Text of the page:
Much of the imagery in the films of Guillermo Del Toro is at once disturbing and yet simultaneously beautiful – horrific creatures and monsters, conjured from the depths of the blackest nightmares and yet, strangely, there is a sort of… beauty in their movements, even as they sometimes move to annihilate the planet. And so it is then that Guillermo DelToro has carved a niche for himself in an industry slowly reaching a saturation point in terms of been-there-done-that attempts to shock, scare and generally make viewers feel that unsettling feeling of discomfort that is often taken as a hallmark of any horror or fantasy film. Hard to believe then, that DelToro was raised in an unflinchingly religious setting – his devoutly Catholic grandmother’s house in Guadalajara, Mexico. A fan of the classic monsters of cinema (Universal’s Dracula, Frankenstein, Mummy, etc.) as a child, DelToro expanded his knowledge of movie monsters and horror beyond the classics and started to watch films by George Romero, Mario Bava and much of the classic British Hammer horror films. All of these, plus his own vivid imagination, would fuel much of the imagery in his own films later.
Although he executive produced his first film (Dona Herlinda and Her Son, 1986) at the young age of 21, he would spend the next decade as a make-up supervisor and would parlay this experience into forming his own company, Necropia, in the early to mid 80’s. During this time he also took directing jobs for various television projects and did some teaching about film via various workshops. The 1993 film ‘Cronos’, was an imaginative take on the vampire genre and netted him the critic’s prize at that year’s Cannes Film Festival, and it was also his directing debut. While serving on the selection committees for both the Sundance Film Festival and the Independent Spirit Awards he developed his follow up to ‘Cronos’, 1997’s ‘Mimic’. It was clear to many that DelToro had arrived as a film maker in the horror genre, even though he was unhappy with the Hollywood system he had worked under while making the movie Mimic. In the wake of Mimic, Del Toro returned to Mexico and formed his own production company, ‘The Tequila Gang’ and set out to make a thriller that was far more personal than Mimic had been, the critically acclaimed ‘The Devil’s Backbone’.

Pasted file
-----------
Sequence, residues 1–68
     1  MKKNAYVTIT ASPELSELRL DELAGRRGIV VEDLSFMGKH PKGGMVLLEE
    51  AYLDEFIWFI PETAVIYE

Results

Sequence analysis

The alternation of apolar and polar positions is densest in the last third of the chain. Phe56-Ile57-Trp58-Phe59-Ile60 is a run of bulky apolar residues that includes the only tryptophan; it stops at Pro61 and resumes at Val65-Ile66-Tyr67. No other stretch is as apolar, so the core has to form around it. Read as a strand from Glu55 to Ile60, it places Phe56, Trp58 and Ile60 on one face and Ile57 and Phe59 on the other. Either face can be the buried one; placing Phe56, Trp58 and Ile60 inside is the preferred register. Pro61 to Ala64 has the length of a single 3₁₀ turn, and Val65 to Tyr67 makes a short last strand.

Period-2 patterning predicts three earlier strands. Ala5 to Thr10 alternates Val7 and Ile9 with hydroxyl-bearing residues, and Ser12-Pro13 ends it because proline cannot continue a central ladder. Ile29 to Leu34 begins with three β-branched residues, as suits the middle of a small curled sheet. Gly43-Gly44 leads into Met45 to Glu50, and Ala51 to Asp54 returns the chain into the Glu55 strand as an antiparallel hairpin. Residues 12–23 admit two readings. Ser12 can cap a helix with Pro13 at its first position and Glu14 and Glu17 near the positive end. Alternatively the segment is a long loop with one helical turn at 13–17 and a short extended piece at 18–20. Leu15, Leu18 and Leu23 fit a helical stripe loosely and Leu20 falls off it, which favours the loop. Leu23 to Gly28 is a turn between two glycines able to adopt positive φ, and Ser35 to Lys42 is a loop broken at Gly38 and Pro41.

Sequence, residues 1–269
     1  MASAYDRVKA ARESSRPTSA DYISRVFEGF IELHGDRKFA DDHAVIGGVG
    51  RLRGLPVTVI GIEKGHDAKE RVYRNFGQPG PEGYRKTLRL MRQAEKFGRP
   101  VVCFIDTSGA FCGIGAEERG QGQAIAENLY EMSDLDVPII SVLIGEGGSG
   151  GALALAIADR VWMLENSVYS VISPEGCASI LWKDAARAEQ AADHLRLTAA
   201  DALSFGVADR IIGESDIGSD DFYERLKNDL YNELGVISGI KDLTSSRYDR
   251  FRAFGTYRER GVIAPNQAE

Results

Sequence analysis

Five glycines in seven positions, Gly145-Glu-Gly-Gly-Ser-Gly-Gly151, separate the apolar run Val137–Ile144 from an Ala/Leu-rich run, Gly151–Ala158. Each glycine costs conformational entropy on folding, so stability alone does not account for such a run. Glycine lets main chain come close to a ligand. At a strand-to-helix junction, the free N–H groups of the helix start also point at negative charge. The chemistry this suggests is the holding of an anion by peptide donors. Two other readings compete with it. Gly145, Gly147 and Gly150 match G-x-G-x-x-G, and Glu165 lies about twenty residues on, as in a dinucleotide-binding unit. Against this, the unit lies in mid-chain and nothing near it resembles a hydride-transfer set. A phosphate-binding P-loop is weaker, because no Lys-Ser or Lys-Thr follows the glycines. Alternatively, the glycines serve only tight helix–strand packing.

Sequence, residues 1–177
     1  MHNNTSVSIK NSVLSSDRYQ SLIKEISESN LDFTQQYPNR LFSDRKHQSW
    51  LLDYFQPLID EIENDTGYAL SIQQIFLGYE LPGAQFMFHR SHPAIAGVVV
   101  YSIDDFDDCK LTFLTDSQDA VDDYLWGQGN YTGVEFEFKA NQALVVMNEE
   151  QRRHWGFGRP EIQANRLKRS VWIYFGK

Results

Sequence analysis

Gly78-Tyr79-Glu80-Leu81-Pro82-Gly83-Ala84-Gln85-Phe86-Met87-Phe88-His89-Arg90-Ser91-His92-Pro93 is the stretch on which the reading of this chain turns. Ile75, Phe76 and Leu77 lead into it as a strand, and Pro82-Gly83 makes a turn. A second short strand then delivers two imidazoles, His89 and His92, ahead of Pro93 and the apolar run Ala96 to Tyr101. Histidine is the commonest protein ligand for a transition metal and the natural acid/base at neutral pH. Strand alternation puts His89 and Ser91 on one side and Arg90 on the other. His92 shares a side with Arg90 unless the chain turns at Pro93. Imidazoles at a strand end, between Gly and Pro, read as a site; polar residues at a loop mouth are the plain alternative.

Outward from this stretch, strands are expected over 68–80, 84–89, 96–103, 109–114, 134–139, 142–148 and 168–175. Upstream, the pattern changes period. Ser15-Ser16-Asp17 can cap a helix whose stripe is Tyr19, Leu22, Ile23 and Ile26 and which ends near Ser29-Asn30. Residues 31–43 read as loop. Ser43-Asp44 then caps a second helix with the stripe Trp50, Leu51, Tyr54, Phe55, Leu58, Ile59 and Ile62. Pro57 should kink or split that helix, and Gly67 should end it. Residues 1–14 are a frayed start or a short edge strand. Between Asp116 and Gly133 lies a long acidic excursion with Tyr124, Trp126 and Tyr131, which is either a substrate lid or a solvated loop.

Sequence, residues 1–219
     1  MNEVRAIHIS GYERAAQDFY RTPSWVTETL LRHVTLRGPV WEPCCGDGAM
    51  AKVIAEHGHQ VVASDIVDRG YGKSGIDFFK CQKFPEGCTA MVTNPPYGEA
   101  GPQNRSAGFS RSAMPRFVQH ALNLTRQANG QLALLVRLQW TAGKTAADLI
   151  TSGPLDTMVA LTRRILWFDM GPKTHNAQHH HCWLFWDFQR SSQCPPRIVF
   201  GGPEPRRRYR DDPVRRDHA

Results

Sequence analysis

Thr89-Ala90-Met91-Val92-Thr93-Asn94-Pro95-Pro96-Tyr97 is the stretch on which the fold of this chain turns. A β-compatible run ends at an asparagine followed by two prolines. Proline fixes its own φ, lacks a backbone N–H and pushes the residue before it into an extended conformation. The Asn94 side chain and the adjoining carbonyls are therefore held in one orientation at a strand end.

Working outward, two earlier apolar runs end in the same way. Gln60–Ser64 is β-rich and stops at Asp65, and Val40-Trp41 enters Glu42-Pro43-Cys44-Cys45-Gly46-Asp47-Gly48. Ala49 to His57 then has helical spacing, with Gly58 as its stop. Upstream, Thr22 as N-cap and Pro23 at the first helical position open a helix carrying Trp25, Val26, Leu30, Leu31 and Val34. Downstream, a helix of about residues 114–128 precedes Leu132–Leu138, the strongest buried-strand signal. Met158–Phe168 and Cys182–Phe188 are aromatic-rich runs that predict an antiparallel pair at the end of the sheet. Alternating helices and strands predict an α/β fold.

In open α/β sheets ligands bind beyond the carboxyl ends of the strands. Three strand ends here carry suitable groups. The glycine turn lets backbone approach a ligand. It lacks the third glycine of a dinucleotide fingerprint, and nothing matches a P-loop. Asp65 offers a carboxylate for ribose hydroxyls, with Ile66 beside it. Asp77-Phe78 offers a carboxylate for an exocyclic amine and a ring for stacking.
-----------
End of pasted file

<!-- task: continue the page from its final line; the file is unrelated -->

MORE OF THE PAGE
Satisfied with The Devil’s Backbone, Del Toro was now ready to try Hollywood again with everything he learned from his experience with Mimic informing his decisions. Thanks to his visual flair and storytelling expertise he was next to work on the second film in Marvel’s ‘Blade’ series; a film considered by many to be the best of the franchise. ‘Hellboy’ was another one of his projects that received critical and box office success; Del Toro ingeniously adapted a comic book to the big screen with outstanding results.
After Hellboy, Del Toro returned to the themes of childhood innocence and oppression visited in The Devil’s Backbone with the visually fantastic (and frightening) Pan’s Labyrinth. Merging real life atrocities with a psychological depth not seen in any of his previous films, Pan’s Labyrinth was a crossover success for Del Toro – he wowed and impressed both art house and mainstream audiences successfully and gained multiple Academy Award nominations for his efforts. Presently, DelToro is readying two features, ‘Pacific Rim’ which features large scale, human operated robots defending Earth against massive sea monsters, and a new version of Universal’s classic Frankenstein.